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Turkey officially demands US extradites Gulen

Prime Minister Binali Yildirim says official request sent for Pennsylvania-based cleric Fetullah Gulen's extradition

Turkey officially demands US extradites Gulen


Turkey’s prime minister confirmed on Tuesday that an official request has been sent to the U.S. for the extradition of Fetullah Gulen, a key suspect being linked to Friday's failed coup attempt.

Chairing the ruling Justice and Development (AK) Party group meeting at the parliament in Ankara, Binali Yildirim criticized the U.S. for "insistently" asking Turkey to provide evidence of the Pennsylvania-based cleric's involvement in the attempted coup before extraditing him.

"It is already clear," Yildirim said, adding: "However, we will provide them with a pile of evidence."

On Monday, U.S. Secretary of State John Kerry said in Brussels that his country has "a formal process for dealing with extradition requests" and that Turkey "must send evidence, not allegations".

Yildirim responded on Tuesday: "I would like to ask my American friends: Did you look for evidence when demanding the terrorists who carried out the September 11 [2001] attacks?

"We have no doubt on the source of this vicious coup and we know all the details over who guided it and how."

The government says Friday’s failed coup was organized by followers of Gulen, who is accused of pursuing a long-running campaign to overthrow the state through supporters within Turkish institutions, particularly the military, police, and judiciary. 

"Do not protect that traitor any longer. That is no use for you, as well," the Turkish premier said.

"Every coup, without exception, is bad and murderous. But none of the coup attempts in our political history was as vicious as the one on July 15. None of them was guided by a traitor who is in the shape of a cleric [...] None of them bombed the Turkish parliament."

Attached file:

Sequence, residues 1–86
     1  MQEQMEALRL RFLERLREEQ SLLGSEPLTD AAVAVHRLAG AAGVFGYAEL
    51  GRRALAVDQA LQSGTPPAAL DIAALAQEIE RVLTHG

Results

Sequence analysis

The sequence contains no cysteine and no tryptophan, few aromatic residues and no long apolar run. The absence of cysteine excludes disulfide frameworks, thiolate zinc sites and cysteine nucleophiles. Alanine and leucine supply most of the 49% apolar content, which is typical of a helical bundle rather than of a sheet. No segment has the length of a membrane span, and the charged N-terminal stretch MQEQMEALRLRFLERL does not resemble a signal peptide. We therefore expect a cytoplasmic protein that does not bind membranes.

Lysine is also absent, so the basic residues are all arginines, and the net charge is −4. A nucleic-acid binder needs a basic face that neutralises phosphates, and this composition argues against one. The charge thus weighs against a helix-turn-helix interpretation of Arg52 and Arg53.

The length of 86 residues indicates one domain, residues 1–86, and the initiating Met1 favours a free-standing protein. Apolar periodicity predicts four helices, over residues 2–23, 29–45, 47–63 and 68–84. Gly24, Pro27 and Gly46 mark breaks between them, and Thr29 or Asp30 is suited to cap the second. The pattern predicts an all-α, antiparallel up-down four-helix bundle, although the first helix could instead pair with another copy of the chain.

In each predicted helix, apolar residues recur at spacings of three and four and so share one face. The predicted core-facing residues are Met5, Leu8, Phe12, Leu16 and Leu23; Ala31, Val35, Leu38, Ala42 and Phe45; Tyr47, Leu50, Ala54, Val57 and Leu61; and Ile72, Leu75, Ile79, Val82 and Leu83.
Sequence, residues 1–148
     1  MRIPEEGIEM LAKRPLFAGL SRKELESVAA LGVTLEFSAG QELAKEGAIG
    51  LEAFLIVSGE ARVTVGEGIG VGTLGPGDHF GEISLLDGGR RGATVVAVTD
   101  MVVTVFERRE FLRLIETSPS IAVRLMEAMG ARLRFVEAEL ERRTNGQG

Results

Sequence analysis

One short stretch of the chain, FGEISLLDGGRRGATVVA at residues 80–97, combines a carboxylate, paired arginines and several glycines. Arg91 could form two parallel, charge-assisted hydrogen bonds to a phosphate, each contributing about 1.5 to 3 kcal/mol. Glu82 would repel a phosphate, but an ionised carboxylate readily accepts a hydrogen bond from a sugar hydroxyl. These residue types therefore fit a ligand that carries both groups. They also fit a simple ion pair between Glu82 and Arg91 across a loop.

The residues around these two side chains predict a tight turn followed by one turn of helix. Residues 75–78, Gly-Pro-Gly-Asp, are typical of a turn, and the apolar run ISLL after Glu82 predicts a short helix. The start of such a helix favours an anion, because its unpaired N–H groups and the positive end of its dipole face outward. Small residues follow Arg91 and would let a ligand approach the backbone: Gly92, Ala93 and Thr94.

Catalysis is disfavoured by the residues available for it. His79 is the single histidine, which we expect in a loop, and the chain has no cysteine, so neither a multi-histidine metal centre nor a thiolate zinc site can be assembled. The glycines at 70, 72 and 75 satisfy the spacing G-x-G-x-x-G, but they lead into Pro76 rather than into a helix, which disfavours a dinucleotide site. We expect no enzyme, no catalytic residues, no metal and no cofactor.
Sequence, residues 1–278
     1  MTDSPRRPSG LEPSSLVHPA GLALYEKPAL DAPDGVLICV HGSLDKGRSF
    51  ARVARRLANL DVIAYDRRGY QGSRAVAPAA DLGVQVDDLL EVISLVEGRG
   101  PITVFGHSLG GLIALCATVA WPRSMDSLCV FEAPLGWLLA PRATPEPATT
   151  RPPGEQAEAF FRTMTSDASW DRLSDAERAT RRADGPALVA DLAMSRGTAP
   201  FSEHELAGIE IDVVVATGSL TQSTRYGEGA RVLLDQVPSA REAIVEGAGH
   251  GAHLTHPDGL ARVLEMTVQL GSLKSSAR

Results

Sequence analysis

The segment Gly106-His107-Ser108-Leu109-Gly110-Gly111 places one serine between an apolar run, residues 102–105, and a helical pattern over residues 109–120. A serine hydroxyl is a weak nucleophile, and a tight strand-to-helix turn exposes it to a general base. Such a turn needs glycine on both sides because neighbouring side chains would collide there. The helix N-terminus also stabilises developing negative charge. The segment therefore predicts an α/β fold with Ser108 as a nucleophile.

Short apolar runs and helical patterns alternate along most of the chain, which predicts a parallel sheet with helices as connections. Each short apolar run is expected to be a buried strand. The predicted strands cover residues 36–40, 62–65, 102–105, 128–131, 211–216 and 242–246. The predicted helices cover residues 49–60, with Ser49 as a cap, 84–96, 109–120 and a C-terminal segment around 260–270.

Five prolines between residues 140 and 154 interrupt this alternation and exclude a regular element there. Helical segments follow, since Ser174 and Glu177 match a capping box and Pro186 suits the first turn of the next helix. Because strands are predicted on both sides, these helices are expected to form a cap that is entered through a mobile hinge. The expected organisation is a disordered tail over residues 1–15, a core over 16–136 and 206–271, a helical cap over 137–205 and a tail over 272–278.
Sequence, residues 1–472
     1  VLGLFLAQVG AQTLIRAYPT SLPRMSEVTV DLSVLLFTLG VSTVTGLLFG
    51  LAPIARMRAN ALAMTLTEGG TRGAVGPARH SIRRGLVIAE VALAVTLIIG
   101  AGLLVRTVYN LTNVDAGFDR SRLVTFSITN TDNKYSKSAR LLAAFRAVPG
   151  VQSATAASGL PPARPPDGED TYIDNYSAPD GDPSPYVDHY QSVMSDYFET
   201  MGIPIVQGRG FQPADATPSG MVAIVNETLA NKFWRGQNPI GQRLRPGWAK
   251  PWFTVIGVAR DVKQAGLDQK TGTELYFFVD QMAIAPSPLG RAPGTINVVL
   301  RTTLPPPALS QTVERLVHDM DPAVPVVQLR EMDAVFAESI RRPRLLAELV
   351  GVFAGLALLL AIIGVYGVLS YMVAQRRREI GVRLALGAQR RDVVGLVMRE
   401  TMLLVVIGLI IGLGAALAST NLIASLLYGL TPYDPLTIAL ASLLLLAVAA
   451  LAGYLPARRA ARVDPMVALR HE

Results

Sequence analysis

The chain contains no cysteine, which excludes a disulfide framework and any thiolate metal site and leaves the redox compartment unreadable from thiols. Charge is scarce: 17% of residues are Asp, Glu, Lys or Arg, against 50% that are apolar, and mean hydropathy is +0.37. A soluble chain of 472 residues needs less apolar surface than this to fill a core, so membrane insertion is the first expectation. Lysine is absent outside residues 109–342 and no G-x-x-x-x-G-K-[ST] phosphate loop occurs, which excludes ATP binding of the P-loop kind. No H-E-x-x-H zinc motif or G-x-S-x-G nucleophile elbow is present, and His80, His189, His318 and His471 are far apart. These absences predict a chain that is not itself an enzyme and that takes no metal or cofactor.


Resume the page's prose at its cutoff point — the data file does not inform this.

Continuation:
'Democratic duty'

The deadly coup attempt happened late on Friday when rogue elements of Turkish military tried to overthrow the country's democratically elected government.

Tanks were on the streets of Istanbul and Ankara announcing that the army had seized control of the country.

At least 208 people, including members of the security forces and civilians, were martyred in Istanbul and Ankara and nearly 1,500 others wounded as they protested against the coup.

Yildirim praised those who had been fighting the tanks and protesting against the coup attempt. 

"The power of the tanks could not win over the power of the people," he said.

Pointing to an ongoing "democracy duty" Yildirim said now was a time of unity, not differences. 

People from across the country took to streets from the very beginning of the coup attempt, shouting pro-democracy and anti-coup slogans. Some have also demanded the death penalty for those involved in the coup.

Yildirim said the public should feel comfortable about the punishment for the coup attempters: "Justice will be manifested," he said.

*Humeyra Atilgan Buyukovali contributed to this report from Istanbul.

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